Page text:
It’s no exaggeration to state that 2020 has been a troubled year. In fact, the last few months have been the most unusual and confusing for people across the world. The covid-19 pandemic has had an effect on the lives of people of all walks of life, yet it has also opened the eyes of many to new ways of working when the conventional and traditional methods cannot operate.
For example, lockdowns have forced offices, factories, retail outlets and many more businesses to shut down, with workers being forced to work remotely, largely from home. This has put the spotlight on digital communications in more focus than ever before. One industry that has had to continue to operate to full effectiveness is the health industry, and it here that there has been much needed development in the digital work. Telemedicine is not new, but the pandemic has given it a leading place in medicine for now, and for the future. Let’s explain what it’s all about.
Recent years have seen an explosion in telemedicine brands for better health diagnosis and treatment, and the presence of such systems in hospitals and clinics has been exaggerated by the present situation. What is telemedicine? It is any form of communication by telecoms to resolve, discuss or diagnose an issue, or pass on relevant information. For example, during the lockdown periods in many countries patients needing routine doctors appointments were asked to have a telephone consultation rather than attend the surgery.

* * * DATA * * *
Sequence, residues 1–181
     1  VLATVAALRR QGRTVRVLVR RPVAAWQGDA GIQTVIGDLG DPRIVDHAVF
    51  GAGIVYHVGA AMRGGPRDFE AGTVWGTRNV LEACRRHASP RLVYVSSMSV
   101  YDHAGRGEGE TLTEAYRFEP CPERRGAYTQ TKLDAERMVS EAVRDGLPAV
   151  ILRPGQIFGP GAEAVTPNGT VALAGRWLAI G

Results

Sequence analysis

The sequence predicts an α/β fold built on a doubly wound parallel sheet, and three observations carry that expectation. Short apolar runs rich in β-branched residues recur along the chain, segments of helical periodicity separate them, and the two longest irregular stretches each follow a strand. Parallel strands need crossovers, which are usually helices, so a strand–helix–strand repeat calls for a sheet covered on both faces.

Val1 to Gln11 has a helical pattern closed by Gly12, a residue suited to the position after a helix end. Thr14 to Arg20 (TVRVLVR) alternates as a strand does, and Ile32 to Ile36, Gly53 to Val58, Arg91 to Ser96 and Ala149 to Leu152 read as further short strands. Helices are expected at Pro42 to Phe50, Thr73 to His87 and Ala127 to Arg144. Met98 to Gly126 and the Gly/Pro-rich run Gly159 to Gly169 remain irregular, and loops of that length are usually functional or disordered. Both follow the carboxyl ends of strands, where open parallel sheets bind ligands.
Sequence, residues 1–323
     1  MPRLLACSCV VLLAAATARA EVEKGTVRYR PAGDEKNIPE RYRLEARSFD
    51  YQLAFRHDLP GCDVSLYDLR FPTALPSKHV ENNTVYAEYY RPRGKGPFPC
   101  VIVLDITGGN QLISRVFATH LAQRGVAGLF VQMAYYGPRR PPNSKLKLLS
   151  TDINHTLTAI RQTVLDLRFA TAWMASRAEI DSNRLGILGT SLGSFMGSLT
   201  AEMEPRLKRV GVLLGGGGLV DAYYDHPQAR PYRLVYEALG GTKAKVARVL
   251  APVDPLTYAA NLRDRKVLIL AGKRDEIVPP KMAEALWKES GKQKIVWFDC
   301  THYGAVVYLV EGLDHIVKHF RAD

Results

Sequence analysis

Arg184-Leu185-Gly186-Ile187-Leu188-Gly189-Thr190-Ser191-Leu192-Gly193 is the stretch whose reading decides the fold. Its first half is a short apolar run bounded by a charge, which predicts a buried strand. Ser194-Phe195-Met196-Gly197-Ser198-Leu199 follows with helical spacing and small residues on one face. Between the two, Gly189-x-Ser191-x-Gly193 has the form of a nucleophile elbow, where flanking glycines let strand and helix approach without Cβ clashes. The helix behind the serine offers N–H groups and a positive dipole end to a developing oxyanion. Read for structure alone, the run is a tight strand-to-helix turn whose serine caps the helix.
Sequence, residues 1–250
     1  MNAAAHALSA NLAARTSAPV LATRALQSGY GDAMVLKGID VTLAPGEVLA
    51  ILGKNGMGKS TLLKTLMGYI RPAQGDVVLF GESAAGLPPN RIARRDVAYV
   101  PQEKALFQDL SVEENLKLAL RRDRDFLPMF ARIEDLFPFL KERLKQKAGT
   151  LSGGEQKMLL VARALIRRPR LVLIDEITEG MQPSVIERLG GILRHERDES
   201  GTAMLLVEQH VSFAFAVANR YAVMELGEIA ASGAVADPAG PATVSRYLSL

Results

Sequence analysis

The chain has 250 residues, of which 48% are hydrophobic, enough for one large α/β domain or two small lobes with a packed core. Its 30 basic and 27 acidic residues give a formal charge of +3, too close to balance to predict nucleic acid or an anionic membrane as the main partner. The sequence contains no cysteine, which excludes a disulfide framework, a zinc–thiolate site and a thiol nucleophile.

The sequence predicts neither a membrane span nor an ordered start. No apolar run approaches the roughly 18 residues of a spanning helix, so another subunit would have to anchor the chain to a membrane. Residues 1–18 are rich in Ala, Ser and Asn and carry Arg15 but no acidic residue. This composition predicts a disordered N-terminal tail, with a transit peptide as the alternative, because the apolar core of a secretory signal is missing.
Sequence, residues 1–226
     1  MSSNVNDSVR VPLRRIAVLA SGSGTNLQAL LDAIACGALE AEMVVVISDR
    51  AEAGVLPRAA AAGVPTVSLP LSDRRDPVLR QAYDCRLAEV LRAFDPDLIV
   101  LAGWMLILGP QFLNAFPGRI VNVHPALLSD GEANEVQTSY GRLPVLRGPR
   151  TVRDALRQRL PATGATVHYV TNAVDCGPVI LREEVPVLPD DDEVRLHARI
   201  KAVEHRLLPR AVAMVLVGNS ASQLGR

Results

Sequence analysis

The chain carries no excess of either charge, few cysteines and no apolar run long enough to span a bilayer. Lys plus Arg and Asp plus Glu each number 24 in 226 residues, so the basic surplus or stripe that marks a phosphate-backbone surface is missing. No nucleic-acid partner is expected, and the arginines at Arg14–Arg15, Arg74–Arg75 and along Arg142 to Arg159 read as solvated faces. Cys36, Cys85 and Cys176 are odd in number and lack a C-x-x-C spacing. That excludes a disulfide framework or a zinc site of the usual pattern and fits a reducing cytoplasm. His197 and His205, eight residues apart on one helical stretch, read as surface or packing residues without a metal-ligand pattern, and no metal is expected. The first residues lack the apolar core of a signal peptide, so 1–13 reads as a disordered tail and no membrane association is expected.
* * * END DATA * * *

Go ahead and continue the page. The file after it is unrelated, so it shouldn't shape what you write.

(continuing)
On first thought this may seem a haphazard method: how can a doctor accurately diagnose a patient without seeing them? For basic ailments there is often little more than a description involved, which can be done across the telephone, and for those where there are marks or indicators on the skin, for example, the patient can take a picture on a mobile phone and forward it to the doctor. When considered as a time-saving method it makes a lot of sense.
That’s just the basic level, but we don’t have to dig too much deeper to discover how effective telemedicine is in helping in more complex diagnosis, in research and analysis, and even in surgery.
More Complex Telemedicine Routines
Let’s say a consultant has a case they feel would benefit from the input of colleagues, who happen to be in a different city or even country. Without the need to travel, they can contact that colleague using one of the many impressive and efficient audio-visual software packages that allow video calls, and also send scans and other details electronically for accurate perusal and analysis. They can even indulge in video calls if more heads are needed, and this is where it becomes very useful indeed.
Research into new medicines can be carried out in different places across the world with simultaneous sharing of information and parallel conduction of experiments and analysis, and the results shared instantly in real time, with no delays. This process could even extend to surgery, with experts from other places directing the surgery via a video link with surprising and reassuring accuracy.
The sheer rate of development of telemedicine techniques in just the past few years has been rapid and quite amazing, and when this area of medicine was required to rise to the occasion early in 2020 it did so in many forms with unrelenting success, confirming the future of telemedicine in the mainstream medical world.
We have a lot to thank computers and the internet for, and there are surgeons, consultants, researchers and doctors across the world who are now seeing the full benefit of digital health procedures.
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